Club career[edit]

While convalesing, Lassiter was contacted by Turrialba from Costa Rica in 1992. As Lassiter recalls it, "I have no idea how they got my name. They paid for my trip down there while still recovering from my leg injury, and I signed a contract."[2] He also played for Carmelita and in summer 1995, Alajuelense sold him to Major League Soccer.[3]

In 1996, Lassiter won the top goalscorer award in Major League Soccer, scoring 27 goals for Tampa Bay Mutiny,[4] after when he was loaned for 6 months to Italian Serie B side Genoa.[5] Lassiter was traded to D.C. United in 1998 for Roy Wegerle. He played two seasons in DC, winning the MLS Cup in 1999. Lassiter was traded to the Miami Fusion in 2000 due to salary cap, to the Kansas City Wizards in 2001, and back to DC in the middle of the 2002 season. He ended his MLS career with 88 regular season goals, a record surpassed in 2004 by Jason Kreis. Lassiter added 13 goals in MLS playoffs and is 3rd in that category behind Carlos Ruiz and Landon Donovan. He ended his professional career with A-League's Virginia Beach Mariners in 2003 as player/assistant coach, but played a few games with Laredo Heat of the Premier Development League and the exhibition Austin Posse in 2004 to help promote their clubs.[6] 262

International career[edit]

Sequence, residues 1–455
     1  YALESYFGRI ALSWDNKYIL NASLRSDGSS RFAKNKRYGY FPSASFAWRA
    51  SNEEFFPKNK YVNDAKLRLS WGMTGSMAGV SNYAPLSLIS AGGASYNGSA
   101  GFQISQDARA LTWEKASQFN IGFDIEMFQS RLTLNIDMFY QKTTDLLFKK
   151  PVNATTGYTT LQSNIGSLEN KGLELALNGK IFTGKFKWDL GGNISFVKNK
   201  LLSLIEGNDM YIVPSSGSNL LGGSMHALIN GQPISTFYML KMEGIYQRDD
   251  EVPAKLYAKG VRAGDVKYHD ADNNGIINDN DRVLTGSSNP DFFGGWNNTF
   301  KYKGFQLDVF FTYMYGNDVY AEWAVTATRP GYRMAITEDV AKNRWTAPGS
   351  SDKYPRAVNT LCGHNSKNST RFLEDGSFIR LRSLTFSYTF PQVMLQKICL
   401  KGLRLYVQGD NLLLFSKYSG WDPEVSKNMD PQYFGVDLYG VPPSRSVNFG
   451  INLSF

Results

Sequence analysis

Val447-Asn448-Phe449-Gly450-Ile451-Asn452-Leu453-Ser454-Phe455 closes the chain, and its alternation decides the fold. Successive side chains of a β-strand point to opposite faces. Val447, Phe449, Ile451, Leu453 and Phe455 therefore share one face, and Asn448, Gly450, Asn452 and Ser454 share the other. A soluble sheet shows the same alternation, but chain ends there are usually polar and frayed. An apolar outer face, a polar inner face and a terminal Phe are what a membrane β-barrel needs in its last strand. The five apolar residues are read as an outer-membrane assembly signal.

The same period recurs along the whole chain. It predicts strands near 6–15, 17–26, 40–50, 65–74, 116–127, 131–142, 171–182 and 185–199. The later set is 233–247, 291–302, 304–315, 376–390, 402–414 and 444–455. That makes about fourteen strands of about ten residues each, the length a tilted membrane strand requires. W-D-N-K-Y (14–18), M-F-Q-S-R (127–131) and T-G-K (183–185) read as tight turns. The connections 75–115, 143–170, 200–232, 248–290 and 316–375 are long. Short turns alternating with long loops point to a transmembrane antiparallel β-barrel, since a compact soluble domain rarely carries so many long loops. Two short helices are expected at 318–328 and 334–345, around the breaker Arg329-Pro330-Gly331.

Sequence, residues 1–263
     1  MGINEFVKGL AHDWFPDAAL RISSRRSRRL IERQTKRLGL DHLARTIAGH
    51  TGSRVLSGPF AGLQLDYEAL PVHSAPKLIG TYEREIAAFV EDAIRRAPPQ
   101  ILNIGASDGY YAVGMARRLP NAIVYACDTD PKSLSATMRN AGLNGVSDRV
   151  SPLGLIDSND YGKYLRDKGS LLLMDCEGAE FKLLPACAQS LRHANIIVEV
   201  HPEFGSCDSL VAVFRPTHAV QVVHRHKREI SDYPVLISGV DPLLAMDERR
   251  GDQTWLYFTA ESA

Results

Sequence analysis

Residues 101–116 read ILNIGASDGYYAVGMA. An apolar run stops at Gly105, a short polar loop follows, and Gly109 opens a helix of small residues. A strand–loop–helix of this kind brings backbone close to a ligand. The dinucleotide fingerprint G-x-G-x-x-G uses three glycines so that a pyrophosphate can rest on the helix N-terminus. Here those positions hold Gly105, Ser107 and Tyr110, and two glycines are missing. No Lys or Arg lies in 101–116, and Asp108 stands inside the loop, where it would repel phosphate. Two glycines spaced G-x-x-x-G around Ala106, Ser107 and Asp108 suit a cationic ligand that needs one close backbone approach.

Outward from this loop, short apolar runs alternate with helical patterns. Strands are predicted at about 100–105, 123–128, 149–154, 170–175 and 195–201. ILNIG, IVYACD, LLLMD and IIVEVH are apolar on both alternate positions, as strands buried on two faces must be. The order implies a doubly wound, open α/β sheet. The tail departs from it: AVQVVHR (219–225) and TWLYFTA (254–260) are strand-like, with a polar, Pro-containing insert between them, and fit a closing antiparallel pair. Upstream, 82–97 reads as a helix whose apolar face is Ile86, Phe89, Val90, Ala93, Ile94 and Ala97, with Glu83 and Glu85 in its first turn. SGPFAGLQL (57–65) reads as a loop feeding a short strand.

Lassiter was called up to the U.S. national team in January 1992. He earned his first cap as a substitute for Eric Wynalda in a 1-0 loss to the Commonwealth of Independent States which briefly succeeded the Soviet Union. However, he broke his leg in a practice collision with Bruce Murray a few days later. That year he also earned his second cap with the national team when he came in as a sub for Frank Klopas in an August 16 loss to Sweden. Two months later, he played a third time for the national team, again as a substitute, this time for Roy Wegerle. Lassiter scored the game-winning goal in a 4-3 victory over Saudi Arabia. Lassiter's career continued to rise, he earned his first start for the national team in December 1996 and became a regular for much of 1997. While Lassiter had played consistently for the U.S. in 1997 his appearances tapered off in 1998 and he was selected as an alternate for the 1998 FIFA World Cup roster. He played only one game in 2000, his last with the national team. He represented his country in 4 FIFA World Cup qualification matches[7] and finished his international career with 34 caps and 4 goals.[8]